Santhakumar Manicassamy, PhDSanthakumar Manicassamy, PhD

Professor, Department of Medicine

Research Summary

Dr. Santhakumar Manicassamy is a professor at the Medical College of Georgia and the Georgia Cancer Center at Augusta University. He received his undergraduate and a graduate degree from Pondicherry University, India, and his Ph.D. from the University of Illinois, Chicago. He then did his post-doctoral work at the Emory Vaccine Center, Emory University, Atlanta. Dr. Manicassamy’s work focuses on understanding the molecular mechanisms by which innate immune cells shape adaptive immune responses, and harnessing such mechanisms to treat immune cell-mediated inflammatory diseases and in the design of novel vaccines against pathogens and tumors.

Contact Us

The Santhakumar Manicassamy Lab

Health Sciences Campus

Georgia Cancer Center - M. Bert Storey Research Building

1410 Laney Walker Boulevard, CN4158A, Augusta, GA 30912

Office: (706) 721-7902

Lab: (706) 721-7903

Research and Clinical Interests

Our research program focuses on understanding the molecular mechanisms by which innate immune cells shape adaptive immune responses and harnessing such mechanisms to treat immune cell-mediated inflammatory diseases and with the ultimate goal of developing novel therapeutic vaccines against respiratory pathogens and tumors. Some of our ongoing research projects are:

Innate control of anti-tumor immune responses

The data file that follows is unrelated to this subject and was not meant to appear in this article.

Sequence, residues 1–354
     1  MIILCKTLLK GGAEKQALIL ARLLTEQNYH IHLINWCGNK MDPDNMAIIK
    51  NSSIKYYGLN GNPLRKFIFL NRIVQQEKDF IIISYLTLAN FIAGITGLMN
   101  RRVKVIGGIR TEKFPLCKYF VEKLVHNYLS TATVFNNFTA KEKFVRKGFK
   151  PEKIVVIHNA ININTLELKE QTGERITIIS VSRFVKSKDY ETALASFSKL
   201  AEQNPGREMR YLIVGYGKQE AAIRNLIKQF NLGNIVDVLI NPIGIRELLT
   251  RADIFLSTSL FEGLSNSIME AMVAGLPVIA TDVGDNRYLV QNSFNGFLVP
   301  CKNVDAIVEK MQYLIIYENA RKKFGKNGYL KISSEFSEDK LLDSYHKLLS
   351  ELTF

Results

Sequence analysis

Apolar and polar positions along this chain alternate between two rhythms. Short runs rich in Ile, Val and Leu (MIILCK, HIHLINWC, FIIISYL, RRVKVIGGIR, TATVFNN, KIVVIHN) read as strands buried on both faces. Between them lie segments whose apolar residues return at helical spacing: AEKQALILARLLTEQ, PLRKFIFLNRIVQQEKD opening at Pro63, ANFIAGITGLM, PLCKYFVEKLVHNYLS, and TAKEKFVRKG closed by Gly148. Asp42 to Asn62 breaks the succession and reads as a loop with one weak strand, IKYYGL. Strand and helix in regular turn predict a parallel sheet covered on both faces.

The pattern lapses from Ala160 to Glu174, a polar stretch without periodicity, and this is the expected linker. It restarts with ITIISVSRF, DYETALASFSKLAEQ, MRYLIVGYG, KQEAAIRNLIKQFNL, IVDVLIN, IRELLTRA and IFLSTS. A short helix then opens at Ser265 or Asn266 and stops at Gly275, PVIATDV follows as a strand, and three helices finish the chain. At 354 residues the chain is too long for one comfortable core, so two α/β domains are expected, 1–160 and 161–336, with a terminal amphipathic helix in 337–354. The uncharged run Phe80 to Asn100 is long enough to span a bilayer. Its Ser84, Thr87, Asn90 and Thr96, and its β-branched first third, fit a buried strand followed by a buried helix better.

The immune system launches robust immunity against foreign antigens while maintaining a state of tolerance to self-antigens. Tumors express self-antigens that actively suppress host anti-tumor immune responses representing a fundamental barrier to cancer immunotherapy. Dendritic cells (DCs) are a specialized subset of antigen-presenting cells (APCs) that form a critical link between innate and adaptive immune responses. These APCs play a vital role in initiating immunity (immunogenic DCs) and suppressing immune responses (regulatory DCs). DCs are critical to inducing robust immune responses against a tumor. However, emerging evidence suggests that the tumor microenvironment (TME) reprograms DCs to a regulatory state, resulting in immune suppression against tumors. Many inflammatory pathways in DCs that augment anti-tumor immune responses have been identified. In comparison, less is known regarding the endogenous regulatory pathways in DCs, which suppress immune responses against the tumor's tumor-associated antigens (TAAs). Thus, identifying these regulatory pathways in APCs will help identify new targets for therapeutic manipulation to augment immune cells' quality and function that infiltrate the tumors. The tumor microenvironment (TME) contains high levels of the Wnt family ligands, and aberrant Wnt-signaling occurs in many tumors. While most studies are focused on how the Wnt signaling cascade regulates cancer development, progression, and metastasis,  its effect on host anti-tumor immunity and tumor-induced immune tolerance remains unknown. We showed that Wnt-mediated activation of β-catenin in DCs induces retinoic acid production and suppresses immune responses against tumor-associated antigens (TAAs). We are currently investigating the downstream effector mechanisms by which the canonical Wnt and RA-RXR pathways in APCs suppress host immune responses against tumors. The information gained from these studies will provide a fundamental mechanistic foundation for the therapeutic manipulation of the RA-RXRα and β catenin/TCF pathway, specifically targeting DCs to enhance anti-tumor immunity.